I'm linking a couple of images here to show what I think are extruder artifacts related to pulsing. The one with the ruler next to it seems to show that the pulsing is at a slightly larger than .3mm rate, though it is close to that. Since my nozzle and height settings and whatnot aren't the same as your hypothetical, I trust that the .3mm would be close but not exactly what we'd predict here either.

    I'll try setting the extruder microstepping to 32x or 64x and run some test prints to see what the extrusion quality looks like.

    For my Monoprice Maker Select printer it's a direct drive, non-geared extruder. For my D-bot, which is nearly finished, I've made two of J-Max's belted bowden extruder to be used with the E3D Chimera dual extrusion head I am using. That J-Max extruder has a 4:1 ratio.

  • Here's a much better photo that shows the surface quality that I'm seeing now with the direct drive, non-geared extruder at 16x microstepping.

  • Interesting discussion, right in line with what I've been wondering lately. I've just stuck with the default 16 interpolated, but seeing some of the posts about microstepping has gotten me wondering if I should try it, too.

    I'm using a delta, 80 steps/mm on the carraiges, and 93 steps/mm on the extruder (not geared) all with 1.8 degree steppers. It sounds like I should go ~128 for microstepping by the math I've seen.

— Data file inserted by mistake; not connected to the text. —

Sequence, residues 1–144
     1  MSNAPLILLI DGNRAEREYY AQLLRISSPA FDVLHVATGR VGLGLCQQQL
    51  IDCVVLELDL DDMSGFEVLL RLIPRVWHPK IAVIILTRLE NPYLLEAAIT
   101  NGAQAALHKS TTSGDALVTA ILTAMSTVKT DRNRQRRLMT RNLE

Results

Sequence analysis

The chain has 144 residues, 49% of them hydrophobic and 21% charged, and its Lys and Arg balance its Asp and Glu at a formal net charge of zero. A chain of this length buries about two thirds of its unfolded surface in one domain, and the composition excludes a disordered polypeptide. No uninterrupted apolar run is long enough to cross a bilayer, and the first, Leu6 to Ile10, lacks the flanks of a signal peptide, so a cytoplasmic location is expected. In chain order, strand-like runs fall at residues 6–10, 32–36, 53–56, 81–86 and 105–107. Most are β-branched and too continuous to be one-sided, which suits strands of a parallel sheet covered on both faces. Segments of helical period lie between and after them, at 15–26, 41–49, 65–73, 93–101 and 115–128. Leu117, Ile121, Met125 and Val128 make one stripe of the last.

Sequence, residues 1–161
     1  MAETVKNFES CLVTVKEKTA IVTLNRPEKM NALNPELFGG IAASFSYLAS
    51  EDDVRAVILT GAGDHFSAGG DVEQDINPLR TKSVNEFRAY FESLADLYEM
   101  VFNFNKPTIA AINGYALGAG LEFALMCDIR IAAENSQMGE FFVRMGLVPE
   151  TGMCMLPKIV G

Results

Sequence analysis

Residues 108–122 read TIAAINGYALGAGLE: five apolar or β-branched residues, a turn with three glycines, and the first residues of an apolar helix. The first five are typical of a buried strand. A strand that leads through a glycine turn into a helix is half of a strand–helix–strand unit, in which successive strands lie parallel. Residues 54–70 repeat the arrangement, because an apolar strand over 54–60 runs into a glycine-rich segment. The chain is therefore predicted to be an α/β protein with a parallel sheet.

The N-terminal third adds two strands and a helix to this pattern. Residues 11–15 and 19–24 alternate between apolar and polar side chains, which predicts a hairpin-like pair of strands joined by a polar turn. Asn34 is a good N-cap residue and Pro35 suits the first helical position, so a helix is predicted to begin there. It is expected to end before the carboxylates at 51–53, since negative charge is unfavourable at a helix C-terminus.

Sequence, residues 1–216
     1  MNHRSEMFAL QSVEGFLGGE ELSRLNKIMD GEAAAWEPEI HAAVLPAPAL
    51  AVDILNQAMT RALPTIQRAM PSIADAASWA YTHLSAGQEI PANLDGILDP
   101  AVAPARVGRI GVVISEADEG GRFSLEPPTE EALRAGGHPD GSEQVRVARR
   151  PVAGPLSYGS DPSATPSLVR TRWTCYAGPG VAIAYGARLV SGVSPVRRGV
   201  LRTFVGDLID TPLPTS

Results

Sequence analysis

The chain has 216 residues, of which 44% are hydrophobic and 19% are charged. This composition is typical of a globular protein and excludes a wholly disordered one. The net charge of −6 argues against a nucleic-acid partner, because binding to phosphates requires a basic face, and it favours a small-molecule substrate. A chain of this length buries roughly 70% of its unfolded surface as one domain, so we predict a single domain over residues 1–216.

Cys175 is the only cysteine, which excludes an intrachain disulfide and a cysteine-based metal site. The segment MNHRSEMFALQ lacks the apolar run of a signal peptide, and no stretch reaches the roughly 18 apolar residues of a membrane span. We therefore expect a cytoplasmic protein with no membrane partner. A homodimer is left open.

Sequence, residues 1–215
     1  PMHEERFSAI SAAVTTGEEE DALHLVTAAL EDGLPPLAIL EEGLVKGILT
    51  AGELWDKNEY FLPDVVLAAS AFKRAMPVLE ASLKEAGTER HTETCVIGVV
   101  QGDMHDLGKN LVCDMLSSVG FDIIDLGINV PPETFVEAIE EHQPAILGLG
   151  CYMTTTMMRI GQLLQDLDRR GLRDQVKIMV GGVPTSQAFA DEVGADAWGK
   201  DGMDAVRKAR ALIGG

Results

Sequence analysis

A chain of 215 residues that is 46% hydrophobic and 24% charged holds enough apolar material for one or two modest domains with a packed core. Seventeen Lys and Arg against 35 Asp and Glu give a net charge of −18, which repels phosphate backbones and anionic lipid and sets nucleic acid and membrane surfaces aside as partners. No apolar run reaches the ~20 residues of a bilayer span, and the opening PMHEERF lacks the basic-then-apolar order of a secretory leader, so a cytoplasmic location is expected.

As for your extrusion, I'm not seeing a pattern like that with 16i set.

  • I've always found mk8 style extruders suffer from pulsing artefacts certainly at 1/16th microstepping. Going up to 1/32 might help but you'll get lower torque which for an ungeared extruder might mean no filament gets pushed through at all, but easy enough to test. The 3:1 gearing in the titan seems to be about right, retractions are still very fast (50mm/s using 1/16th with interpolation) and no pulsing artefacts unless printing very slow. I have another machine with a printed extruder running off a nema 14 with metal 5:1 planetary gearbox and this prints very nicely too, retractions are fast enough also 50mm/s using 1/16th. My other extruder is a flex3drive with 30:1 gear ratio due to having a worm gear onto the filament drive gear. Here retraction has to be slow 14mm/s at 1/8th microstepping (to reduce the no. of step pulses) and since I'm using PETG I have to retract 2.8mm so each retraction takes a noticeable amount of time, but no pulsing artefacts whatsoever.